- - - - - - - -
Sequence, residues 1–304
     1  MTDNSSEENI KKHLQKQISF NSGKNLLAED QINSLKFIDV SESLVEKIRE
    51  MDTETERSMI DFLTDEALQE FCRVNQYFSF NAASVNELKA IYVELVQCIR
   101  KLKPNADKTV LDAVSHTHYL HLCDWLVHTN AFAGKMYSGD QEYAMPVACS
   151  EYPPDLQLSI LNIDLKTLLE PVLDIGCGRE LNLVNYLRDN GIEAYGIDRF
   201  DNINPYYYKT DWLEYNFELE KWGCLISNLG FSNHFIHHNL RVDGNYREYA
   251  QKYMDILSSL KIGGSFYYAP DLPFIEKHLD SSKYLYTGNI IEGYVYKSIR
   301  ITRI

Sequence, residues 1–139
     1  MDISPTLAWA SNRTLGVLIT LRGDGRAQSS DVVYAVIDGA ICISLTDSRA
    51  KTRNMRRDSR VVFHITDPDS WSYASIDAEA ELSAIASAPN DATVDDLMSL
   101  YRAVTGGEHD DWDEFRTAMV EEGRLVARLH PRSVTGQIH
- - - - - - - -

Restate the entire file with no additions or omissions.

Sequence, residues 1–304
     1  MTDNSSEENI KKHLQKQISF NSGKNLLAED QINSLKFIDV SESLVEKIRE
    51  MDTETERSMI DFLTDEALQE FCRVNQYFSF NAASVNELKA IYVELVQCIR
   101  KLKPNADKTV LDAVSHTHYL HLCDWLVHTN AFAGKMYSGD QEYAMPVACS
   151  EYPPDLQLSI LNIDLKTLLE PVLDIGCGRE LNLVNYLRDN GIEAYGIDRF
   201  DNINPYYYKT DWLEYNFELE KWGCLISNLG FSNHFIHHNL RVDGNYREYA
   251  QKYMDILSSL KIGGSFYYAP DLPFIEKHLD SSKYLYTGNI IEGYVYKSIR
   301  ITRI

Sequence, residues 1–139
     1  MDISPTLAWA SNRTLGVLIT LRGDGRAQSS DVVYAVIDGA ICISLTDSRA
    51  KTRNMRRDSR VVFHITDPDS WSYASIDAEA ELSAIASAPN DATVDDLMSL
   101  YRAVTGGEHD DWDEFRTAMV EEGRLVARLH PRSVTGQIH